1,500 participants came to hear about developments in information security at the CyberTech 2014 conference today and tomorrow. The most prominent, although in view of his recent remarks at Davos, predictable participant, is Prime Minister Benjamin Netanyahu, who does not usually attend even more prestigious high-tech conferences. Netanyahu spoke at length on the challenges of the times and the risks that the cyber world brings with it, and shared a private experience as a student at MIT with the audience.
"Decision-makers should meet and set up a kind of UN of the Internet," said Netanyahu. "We need a coalition of leading companies with capabilities in this world. This is the best thing that we can do to deal with the challenges. In my opinion, Israel is a leader in this field. We decided to concentrate these skills and establish a consortium of our security agencies, research institutes, and businesses. We think we can turn the curse of the Internet into a blessing, because we all need it."
Netanyahu continued, "We set up a special organization, a cyber headquarters, to see how it is possible to combine these capabilities with others. We decided to lower the restrictions because we're betting on the growth of these partnerships and higher profits for both us and for the participating companies. This will spur the growth of hundreds of cyber companies, most of which did not exist a few years ago, and were founded by investments in the sector and with the cooperation of large foreign players. These are developments that can be expanded, and we want to ensure that it will be on a large scale. We see this as cooperation between the government and businesses, and we're committed to this in the years ahead.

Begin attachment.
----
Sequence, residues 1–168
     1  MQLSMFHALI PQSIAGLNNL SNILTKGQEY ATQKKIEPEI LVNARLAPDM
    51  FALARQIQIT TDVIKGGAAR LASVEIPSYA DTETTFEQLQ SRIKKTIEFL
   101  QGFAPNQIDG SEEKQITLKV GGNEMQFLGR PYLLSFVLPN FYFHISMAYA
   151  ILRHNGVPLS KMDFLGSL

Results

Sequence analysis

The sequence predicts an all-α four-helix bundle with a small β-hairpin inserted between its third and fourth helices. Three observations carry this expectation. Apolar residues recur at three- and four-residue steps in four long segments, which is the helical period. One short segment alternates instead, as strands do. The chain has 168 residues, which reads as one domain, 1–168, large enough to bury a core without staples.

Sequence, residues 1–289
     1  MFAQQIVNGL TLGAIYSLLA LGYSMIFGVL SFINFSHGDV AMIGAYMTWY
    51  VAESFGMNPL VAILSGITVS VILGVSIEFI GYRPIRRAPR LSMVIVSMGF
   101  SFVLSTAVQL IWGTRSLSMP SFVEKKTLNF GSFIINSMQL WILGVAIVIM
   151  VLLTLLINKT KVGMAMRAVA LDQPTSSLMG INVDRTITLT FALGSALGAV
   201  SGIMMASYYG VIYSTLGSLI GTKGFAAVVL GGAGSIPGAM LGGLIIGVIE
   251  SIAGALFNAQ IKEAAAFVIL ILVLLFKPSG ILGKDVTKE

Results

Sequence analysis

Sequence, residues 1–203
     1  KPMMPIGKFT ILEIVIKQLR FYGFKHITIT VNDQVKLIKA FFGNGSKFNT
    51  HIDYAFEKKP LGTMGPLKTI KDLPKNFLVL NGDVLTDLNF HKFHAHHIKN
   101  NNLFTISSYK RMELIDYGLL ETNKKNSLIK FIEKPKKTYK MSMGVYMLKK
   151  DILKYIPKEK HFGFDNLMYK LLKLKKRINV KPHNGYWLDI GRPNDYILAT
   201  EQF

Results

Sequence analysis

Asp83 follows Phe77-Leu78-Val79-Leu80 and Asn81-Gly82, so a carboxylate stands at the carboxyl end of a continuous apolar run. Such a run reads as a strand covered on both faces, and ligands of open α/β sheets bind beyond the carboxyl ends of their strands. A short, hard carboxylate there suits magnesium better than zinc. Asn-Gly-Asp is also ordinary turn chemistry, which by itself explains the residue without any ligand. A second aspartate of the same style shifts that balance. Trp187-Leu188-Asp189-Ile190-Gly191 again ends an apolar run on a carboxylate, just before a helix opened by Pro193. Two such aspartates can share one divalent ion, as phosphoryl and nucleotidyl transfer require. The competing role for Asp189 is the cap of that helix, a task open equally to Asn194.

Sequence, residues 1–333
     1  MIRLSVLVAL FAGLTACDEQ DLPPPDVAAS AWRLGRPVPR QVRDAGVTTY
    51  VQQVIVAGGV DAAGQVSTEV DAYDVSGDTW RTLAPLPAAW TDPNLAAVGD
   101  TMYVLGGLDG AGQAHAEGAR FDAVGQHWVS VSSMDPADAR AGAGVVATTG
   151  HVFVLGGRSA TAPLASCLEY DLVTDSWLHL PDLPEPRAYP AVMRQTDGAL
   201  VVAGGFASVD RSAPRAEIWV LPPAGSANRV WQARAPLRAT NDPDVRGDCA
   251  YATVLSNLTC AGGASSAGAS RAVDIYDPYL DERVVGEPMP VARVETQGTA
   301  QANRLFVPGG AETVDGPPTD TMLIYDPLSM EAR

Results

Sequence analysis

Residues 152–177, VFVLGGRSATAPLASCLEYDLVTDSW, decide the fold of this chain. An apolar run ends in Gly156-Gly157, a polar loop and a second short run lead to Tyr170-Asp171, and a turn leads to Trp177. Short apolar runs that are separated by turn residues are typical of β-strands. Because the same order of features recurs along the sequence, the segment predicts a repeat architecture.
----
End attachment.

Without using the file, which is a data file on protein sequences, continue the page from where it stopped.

"I remember from my studies at MIT, when I lived on campus and opposite me was a large and ugly warehouse. I asked, 'What is that?' I was told that it was connected to the US government, the CIA or the NSA, and that was the first time that I heard those words. The government concentrated its best efforts in data at the heart of the university, and allowed it to expand on the business side. That is exactly what we're trying to do in Beersheva.
"We've moved army units to the south, provided trains that arrive at the heart of the campus, so there is a university, industrial park, and the army, too. This is a great thing that reflects our vision to develop Israel with your help. This is something that we all want to see, a cyber world that is open, free, and prosperous in which everyone participates. When you think about cyber, you'll think about Israel."
Published by Globes [online], Israel business news - www.globes-online.com - on January 27, 2014
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